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Forum nameBiz Ideas
Topic subjectBest way to partner with someone who currently owns 100% of his corp?
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1714, Best way to partner with someone who currently owns 100% of his corp?
Posted by AmAruX, Fri Sep-28-07 07:23 AM
Hello world, sorry for the lengthy post, but thanks in advance for your consideration! Back in early 2001 I decided to become a freelance technical consultant. I hooked up with a gentleman who started out on his own in 1989 and, as of the time I started working with him, he was incorporated with four employees. Today, we have a larger office with about 10 employees and 3 consultants, and are looking at a second space and hiring at least 3 more staff in the next six months.

After working together for about six months, he asked me if I would partner with him to expand the company. I liked the idea, but suggested we wait for a year to make sure we still agreed about partnering. Well, about four years passed and we still never finalized anything on paper, although we did agree verbally to some basic ideas. In 2005, I formally joined the company as an employee with title of Vice-President, but with the understanding that I was his "partner" in the company.

He is currently the sole owner of all company stock. To complicate matters, his wife is our finance person, and recently assumed a title of VP of Finance.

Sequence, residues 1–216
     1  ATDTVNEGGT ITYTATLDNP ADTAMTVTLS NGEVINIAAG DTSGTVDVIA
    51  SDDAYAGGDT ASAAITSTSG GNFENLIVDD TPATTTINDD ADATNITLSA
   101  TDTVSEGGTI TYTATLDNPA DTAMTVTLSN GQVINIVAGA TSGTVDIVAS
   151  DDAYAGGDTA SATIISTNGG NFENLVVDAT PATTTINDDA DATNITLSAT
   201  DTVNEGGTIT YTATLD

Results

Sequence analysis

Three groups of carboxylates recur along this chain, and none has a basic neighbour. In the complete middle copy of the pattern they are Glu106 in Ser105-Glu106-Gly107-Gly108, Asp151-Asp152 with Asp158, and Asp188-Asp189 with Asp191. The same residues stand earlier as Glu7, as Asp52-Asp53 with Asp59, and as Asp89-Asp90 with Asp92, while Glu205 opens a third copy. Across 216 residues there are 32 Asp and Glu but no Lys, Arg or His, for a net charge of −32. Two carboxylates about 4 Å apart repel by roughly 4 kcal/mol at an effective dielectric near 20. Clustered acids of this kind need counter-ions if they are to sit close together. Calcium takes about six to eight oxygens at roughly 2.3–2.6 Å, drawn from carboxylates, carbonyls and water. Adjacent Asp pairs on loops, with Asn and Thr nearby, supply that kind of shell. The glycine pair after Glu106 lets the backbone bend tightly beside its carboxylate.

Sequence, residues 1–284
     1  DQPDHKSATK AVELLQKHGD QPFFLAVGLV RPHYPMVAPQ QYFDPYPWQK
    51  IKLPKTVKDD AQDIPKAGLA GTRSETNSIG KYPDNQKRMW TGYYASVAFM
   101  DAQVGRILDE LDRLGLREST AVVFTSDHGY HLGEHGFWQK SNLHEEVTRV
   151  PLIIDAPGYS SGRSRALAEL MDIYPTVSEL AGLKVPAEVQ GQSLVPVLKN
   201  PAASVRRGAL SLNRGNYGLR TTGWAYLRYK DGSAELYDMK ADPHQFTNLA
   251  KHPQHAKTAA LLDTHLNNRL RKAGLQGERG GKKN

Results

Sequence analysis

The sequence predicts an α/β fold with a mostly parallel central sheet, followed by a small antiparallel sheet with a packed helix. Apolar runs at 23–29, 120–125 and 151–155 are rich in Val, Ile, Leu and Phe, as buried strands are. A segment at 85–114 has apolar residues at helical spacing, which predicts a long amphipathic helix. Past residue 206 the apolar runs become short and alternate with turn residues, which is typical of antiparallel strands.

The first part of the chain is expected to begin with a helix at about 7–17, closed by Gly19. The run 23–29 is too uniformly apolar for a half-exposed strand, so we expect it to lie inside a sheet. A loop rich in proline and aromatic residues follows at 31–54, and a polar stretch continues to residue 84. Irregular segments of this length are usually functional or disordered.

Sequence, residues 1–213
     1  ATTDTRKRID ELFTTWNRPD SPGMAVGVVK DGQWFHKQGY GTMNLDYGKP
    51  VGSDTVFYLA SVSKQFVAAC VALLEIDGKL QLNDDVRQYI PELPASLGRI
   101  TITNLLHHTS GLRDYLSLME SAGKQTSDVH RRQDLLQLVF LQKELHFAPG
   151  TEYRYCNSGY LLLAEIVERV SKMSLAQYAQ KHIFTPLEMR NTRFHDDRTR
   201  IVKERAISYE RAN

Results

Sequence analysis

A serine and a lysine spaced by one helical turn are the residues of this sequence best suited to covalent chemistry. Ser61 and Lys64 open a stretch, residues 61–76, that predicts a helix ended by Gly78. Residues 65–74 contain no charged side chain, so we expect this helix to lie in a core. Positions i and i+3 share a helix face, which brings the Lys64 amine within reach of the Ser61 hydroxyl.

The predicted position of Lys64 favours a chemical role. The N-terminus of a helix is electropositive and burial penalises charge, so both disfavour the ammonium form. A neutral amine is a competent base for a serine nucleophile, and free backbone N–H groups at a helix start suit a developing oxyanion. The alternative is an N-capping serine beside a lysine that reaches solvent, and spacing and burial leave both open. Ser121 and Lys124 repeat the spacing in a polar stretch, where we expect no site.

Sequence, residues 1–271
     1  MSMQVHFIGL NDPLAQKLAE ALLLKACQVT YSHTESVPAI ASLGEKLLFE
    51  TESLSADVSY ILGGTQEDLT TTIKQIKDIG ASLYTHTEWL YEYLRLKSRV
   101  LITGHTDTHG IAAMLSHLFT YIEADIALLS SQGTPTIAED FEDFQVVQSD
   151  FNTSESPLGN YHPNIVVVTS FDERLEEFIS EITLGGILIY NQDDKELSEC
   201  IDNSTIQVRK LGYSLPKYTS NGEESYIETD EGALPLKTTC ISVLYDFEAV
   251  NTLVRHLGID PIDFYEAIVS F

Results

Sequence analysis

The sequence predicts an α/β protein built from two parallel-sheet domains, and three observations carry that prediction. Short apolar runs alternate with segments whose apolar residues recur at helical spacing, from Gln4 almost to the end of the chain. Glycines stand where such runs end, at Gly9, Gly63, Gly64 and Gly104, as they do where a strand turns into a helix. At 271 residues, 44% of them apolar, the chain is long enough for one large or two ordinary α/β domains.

Very soon, we need to formalize the details of our "partnership" taking into account some of those variables I mentioned above. Some of the scenarios we already discussed are:

1. I buy shares from him. Pro: This would be fairly straightforward and would correspond to my "ownership" % Con: Out of pocket expense for me; how do we value the stock?; the Corp pays taxes on the stock sale.

2. He issues/gives shares to me. Pro: No out of pocket expense on either side. Fairly straightforward. Con: Do I have to pay tax on the stock received? How do we agree on what percent of stock is transferred and in exchange for what (e.g. skill-set, management expertise, business development, etc.)?

3. An idea his tax planner gave us is that we could draw up a straight agreement where "only upon sale" of the company would I be entitled to x% of the selling price. Pro: No out of pocket expense except taxes on profit if we ever sell; roughly achieves the same goal as options 1 and 2; Con: I may have no formal stake in the company or listing as an officer; how does this work if he dies and remaining shares are inherited by his wife?

I'm wondering if anyone out there has been in a similar situation or has ideas about what methods (those above or others you know of) that might work best given the situation described above. I don't want to procrastinate any longer, and I'm concerned that, given his marriage to our Finance VP, along with some important new hires, that my role could become obscured as well as questions related to inheritance and succession planning. This is important since we both have young children, but he is 15 years older than me although his wife is about my age.